Long before FOMO (Fear of Missing Out) became a social syndrome – itself probably already out-dated, so 2009 don’t you know – when it came to music, I suffered from Fear of Being Late.
In my teens being there mattered. Having, or at least knowing about, the latest album RIGHT NOW was crucial. To my shame I was late to the Cure and late to the Smiths and countless others. But with the Sundays I got there bang on time. As soon as their first album was released in early 1990 I went out and bought it. That made them mine.
This month the album is (unbelievably) 25 years old. It was and remains a favourite, maybe even the favourite, so I’ve been listening to it again and thinking about what it means to me now.
I probably heard the single Can’t Be Sure on Radio 1 – though other than Peel, Kershaw or Annie Nightingale it wasn’t the sort of thing that they played much back then. So my anticipation had almost entirely been stoked by NME, that inky arbiter of musical taste, which I used to buy every week to find out what I needed to be listening to. In the 1980s it was harder to source the music you wanted and needed. Without Shazam, Spotify, or iTunes and the like there was no listening online first and making an instant judgement, you had to make an informed decision and go with it. This did have the advantage of allowing for growers – I was always far more likely to listen again to something if I had handed over good hard cash for it.
For long chunks of 1989 The Sundays were IT. They played awesome, sold-out gigs in important rock hotspots like The Falcon in Camden. There was a buzz about the band. Record labels were fighting over them. The Sundays, according to NME were going to be huge.
Back then, to an extent, I considered that what NME thought was important, although even in my less jaded formative years, I didn’t trust them entirely. The Wedding Present, to my mind, spent an undeserved amount of time on the front cover, being promoted as the next big thing. I knew in my bones that they were wrong. David Gedge? Meh.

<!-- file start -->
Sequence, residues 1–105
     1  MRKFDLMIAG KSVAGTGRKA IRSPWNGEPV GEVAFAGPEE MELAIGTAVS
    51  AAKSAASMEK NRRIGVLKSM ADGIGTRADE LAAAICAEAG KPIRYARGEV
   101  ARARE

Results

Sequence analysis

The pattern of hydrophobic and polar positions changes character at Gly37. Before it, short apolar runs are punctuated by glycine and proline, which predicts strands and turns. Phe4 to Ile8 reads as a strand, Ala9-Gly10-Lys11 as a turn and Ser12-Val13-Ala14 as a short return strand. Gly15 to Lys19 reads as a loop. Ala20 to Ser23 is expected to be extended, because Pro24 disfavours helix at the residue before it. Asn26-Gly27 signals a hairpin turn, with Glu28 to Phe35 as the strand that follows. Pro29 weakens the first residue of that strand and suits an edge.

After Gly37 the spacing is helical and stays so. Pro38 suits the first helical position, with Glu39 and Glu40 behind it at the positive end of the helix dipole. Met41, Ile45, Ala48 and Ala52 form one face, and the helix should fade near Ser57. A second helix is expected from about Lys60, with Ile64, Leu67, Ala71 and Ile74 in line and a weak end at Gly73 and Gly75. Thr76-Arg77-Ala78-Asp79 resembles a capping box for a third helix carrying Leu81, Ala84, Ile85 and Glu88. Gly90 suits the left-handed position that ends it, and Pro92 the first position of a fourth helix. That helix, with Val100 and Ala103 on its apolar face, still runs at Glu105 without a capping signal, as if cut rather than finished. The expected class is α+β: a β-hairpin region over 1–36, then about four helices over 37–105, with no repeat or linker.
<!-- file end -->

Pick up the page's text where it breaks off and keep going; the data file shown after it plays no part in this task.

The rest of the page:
The magazine also had a writer who styled himself Johnny Cigarettes, which seemed an utterly wanky and pretentious thing to do. So NME was far from infallible. And yet they were right about The Sundays, so I forgave them.
I think that I bought the record locally at Disc N’ Tape, on Gloucester Road in Bristol, though I may have gone to one of the cooler, more intimidating shops on Park Street.
Back at home the first play didn’t disappoint. The opening track Skin and Bones, began with a sonic effect that sounded like a distant plane flying overhead; somehow managing to feel both urban and real, yet ethereal and far-off all at once. Then Dave Gavurin’s plangent guitar comes in, before swirling off into the background as Harriet Wheeler’s honeyed and high, angel voice floats in to take centre stage.
Next up Here’s Where the Story Ends strikes a jangly, jaunty, Smiths-like tone that runs counter to the lyrical story of nervous, uncomfortable, outsider-dom.
Then Can’t Be Sure, a hit single in its own right, climbing high in the charts and conquering Peel’s Festive 50, but here occurring in just the right place, the synthy drums, chiming guitar and deliciously dreamy vocal, pinned to reality with its perfect evocation of yearning and ennui and uncertainty. Youthful discontent has never been articulated as sweetly.
And on they came, these brilliant, atmospheric, beautiful songs. I Won, Hideous Towns, You’re Not The Only One I Know, A Certain Someone, I Kicked A Boy, My Finest Hour, Joy.
Other than Can’t Be Sure, I can’t isolate indvidual tracks as peaks, or favourites, or less good, they all, still, seem to work perfectly together; each track flowing seamlessly into the next, yet each asserting an individuality through the lyrics and aural atmospherics. A proper album, rather than a collection of songs.